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In reply to a message from Les Halls sent Tue 23 Aug 2016:

‘‘seems to me that any way you look at it, adjustment of the
rotor is required from time to time.’’ - That is absolutely not
true. TDC is TDC. The ONLY time it will ever require re-
adjustment is if you loosen the trigger wheel and move it.
Once it is set properly, it will never need to be touched
again, unless you disturb it.–
Ray Livingston - '64 OTS Santa Cruz, CA
Santa Cruz, CA, United States
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hehe, this is turning out to be something like going to a dealership
and saying that “this part doesn’t fit quite right and btw, you guys
said it needed extra attention due to that in your instructions
etc…” and them saying “nah, there’s no problem at all and you
don’t need to do anything at all etc etc”…all I’m saying is
that there’s play in the bolt to rotor, (and the instructions said to
be aware of that so take precautions on making sure you don’t have
problems), that can well be done without so I made some shims to take
that slop out…this means that in my world all things are now in
alignment and all is well.

If anyone feels that my work is unnecessary, fine, do it your own way,
but for me, this eliminates a possible hassle…that’s it
folks…love your work Ray and have implicit confidence
in it working just fine, now, which is why I dumped my MSD and went
with your version.On Tue, Aug 23, 2016 at 11:19 AM, Ray Livingston jagboy@pacbell.net wrote:

In reply to a message from Les Halls sent Tue 23 Aug 2016:

‘‘seems to me that any way you look at it, adjustment of the
rotor is required from time to time.’’ - That is absolutely not
true. TDC is TDC. The ONLY time it will ever require re-
adjustment is if you loosen the trigger wheel and move it.
Once it is set properly, it will never need to be touched
again, unless you disturb it.

Ray Livingston - '64 OTS Santa Cruz, CA
Santa Cruz, CA, United States
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Les…'68 S1.5 2+2…Atlanta


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I will use a timing light and the marks on the pulley and the pointer
to determine if the rotor is correctly set for my baseline…10D
BTDC…if it isn’t I will loosen the rotor and move it to correct
any error in my original setup.

Ray, I assume you set the system for 10D BTDC as the initial baseline?On Tue, Aug 23, 2016 at 11:02 AM, mouton jerry@moutons.org wrote:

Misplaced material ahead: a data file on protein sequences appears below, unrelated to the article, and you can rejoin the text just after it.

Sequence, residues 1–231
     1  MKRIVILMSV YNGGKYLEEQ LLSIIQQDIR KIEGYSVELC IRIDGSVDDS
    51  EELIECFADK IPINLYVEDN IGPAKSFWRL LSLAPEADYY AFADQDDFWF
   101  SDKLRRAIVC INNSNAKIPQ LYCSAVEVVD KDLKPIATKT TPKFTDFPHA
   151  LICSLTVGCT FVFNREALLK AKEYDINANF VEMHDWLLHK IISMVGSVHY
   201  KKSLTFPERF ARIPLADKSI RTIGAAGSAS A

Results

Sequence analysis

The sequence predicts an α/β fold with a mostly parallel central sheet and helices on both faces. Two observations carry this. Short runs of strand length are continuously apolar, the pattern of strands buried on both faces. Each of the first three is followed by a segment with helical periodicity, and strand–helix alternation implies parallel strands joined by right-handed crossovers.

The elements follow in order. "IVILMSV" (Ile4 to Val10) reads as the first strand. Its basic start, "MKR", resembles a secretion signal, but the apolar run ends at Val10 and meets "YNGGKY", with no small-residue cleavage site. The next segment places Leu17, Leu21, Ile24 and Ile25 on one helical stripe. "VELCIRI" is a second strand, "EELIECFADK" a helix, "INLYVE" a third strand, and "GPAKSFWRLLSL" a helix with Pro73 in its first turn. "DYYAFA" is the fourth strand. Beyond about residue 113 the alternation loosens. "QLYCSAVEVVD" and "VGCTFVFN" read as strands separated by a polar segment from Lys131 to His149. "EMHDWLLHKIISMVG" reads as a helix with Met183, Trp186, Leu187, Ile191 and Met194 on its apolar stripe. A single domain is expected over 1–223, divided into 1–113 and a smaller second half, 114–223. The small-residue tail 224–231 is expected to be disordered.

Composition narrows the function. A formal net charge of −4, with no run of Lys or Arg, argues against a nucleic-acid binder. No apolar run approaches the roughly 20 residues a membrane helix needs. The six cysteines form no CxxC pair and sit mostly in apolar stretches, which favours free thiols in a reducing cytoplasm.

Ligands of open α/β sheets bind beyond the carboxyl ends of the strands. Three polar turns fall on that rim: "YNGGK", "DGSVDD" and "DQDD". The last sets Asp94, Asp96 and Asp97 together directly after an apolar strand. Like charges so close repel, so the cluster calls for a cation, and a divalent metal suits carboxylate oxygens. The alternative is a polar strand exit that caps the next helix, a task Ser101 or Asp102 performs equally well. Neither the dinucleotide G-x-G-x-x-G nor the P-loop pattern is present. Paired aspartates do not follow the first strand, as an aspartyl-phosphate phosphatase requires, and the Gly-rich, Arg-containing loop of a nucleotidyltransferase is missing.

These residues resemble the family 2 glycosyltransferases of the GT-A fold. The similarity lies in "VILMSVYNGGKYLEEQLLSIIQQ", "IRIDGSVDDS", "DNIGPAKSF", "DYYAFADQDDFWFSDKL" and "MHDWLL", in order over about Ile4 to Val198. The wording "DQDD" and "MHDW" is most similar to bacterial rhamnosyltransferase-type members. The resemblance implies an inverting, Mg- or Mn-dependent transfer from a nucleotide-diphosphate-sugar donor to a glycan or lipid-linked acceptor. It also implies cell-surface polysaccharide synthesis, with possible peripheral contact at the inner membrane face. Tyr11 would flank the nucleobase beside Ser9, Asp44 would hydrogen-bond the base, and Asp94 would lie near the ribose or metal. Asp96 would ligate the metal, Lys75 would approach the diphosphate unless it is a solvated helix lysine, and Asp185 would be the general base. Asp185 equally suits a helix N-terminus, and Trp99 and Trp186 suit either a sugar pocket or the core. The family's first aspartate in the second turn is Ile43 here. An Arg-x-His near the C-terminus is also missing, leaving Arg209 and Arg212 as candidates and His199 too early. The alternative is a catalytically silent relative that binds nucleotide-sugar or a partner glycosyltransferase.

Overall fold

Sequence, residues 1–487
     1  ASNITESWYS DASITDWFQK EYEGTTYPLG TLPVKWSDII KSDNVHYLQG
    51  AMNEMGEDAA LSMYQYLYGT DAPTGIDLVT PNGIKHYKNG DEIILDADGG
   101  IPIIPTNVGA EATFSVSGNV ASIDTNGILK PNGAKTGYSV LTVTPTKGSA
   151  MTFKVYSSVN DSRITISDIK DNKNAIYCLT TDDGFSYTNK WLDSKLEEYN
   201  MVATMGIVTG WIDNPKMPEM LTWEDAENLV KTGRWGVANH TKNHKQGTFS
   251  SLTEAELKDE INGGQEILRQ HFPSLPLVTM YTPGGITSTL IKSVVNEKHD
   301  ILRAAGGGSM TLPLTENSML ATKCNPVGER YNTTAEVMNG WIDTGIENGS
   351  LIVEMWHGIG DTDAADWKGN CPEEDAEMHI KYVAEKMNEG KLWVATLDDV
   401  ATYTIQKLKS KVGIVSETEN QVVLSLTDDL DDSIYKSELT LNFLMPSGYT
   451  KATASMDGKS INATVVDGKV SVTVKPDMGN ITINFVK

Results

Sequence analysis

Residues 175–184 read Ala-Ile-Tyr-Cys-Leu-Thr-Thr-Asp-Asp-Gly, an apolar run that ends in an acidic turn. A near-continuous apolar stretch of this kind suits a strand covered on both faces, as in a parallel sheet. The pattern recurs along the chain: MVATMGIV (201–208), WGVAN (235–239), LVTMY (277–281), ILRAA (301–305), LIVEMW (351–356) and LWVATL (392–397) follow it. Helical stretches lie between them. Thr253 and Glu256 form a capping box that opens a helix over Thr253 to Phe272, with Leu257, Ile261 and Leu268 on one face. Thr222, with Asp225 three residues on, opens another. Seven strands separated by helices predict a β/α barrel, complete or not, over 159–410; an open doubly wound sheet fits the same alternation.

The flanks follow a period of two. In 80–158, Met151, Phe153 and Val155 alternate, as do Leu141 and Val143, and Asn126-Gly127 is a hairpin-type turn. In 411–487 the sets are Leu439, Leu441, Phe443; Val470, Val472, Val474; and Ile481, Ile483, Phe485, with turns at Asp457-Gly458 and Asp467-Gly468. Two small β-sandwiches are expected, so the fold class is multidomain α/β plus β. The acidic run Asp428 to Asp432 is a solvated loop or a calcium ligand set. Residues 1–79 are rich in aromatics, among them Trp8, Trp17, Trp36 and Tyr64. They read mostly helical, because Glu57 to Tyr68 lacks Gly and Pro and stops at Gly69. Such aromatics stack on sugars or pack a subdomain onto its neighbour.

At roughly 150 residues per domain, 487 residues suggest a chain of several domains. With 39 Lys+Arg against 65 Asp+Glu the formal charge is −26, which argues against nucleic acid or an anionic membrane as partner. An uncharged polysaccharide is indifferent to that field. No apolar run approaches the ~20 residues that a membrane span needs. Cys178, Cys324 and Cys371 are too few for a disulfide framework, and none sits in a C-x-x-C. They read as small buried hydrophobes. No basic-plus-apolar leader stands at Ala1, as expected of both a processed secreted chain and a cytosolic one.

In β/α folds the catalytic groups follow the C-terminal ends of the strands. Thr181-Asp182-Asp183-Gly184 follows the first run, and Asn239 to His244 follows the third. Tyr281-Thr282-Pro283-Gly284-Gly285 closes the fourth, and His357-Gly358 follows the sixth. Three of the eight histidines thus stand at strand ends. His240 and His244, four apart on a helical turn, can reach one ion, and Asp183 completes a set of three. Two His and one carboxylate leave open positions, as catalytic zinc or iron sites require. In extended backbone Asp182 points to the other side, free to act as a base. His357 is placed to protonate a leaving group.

In reply to a message from Les Halls sent Tue 23 Aug 2016:

Les,

You don’t depend on the computer to tell you where the
trigger wheel is WRT TDC, you see where the trigger wheel
is with a timing light and then adjust that to ‘‘right on’’
by setting the computer to add whatever degrees you need to
the timing cycle – there is a specific parameter for
that. As Ray says after physically setting it carefully it
has always been right on when measured, no electronic
adjustment necessary, but in case – you don’t have to go
back and move the trigger wheel.

Jerry

Jerry

Jerry Mouton '64 FHC 889791 ‘MIK Jaguar’
Palo Alto, California, United States
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Les…'68 S1.5 2+2…Atlanta


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In reply to a message from Les Halls sent Tue 23 Aug 2016:

Les, I think the issue is that there is no guarantee that the
bolts provide a precise concentric mounting. In my case I found
that I needed all of the clearance and in fact a slight
additional grinding in one slot to allow exact centering of the
trigger wheel as determined by a magnet dial indicator. If I
understand your shim position, it would eliminate this
adjustment. The bolts extend somewhat through the spacer and
any thread misalignment or bending of the bolt can create an
issue. I’m not sure how much problem would be created by a
slightly misaligned trigger wheel as long as it didn’t touch
the pickup, but my thought would be the less the better.–
The original message included these comments:

don’t need to do anything at all etc etc’’…all I’m saying is
that there’s play in the bolt to rotor, (and the instructions said to
be aware of that so take precautions on making sure you don’t have
problems), that can well be done without so I made some shims to take
that slop out…this means that in my world all things are now in


Gary Brinker - 1E11523 66 OTS Mid Restoration - Maumee, Ohio
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I simply took a few minutes to carefully measure/center the wheel so that it.w is “off” by only a couple thousandths. not difficult with spark plugs removed.
LLoyd----- Original Message -----
.

… So, I never saw trigger wheel
centering as any kind of issue that needed improving. …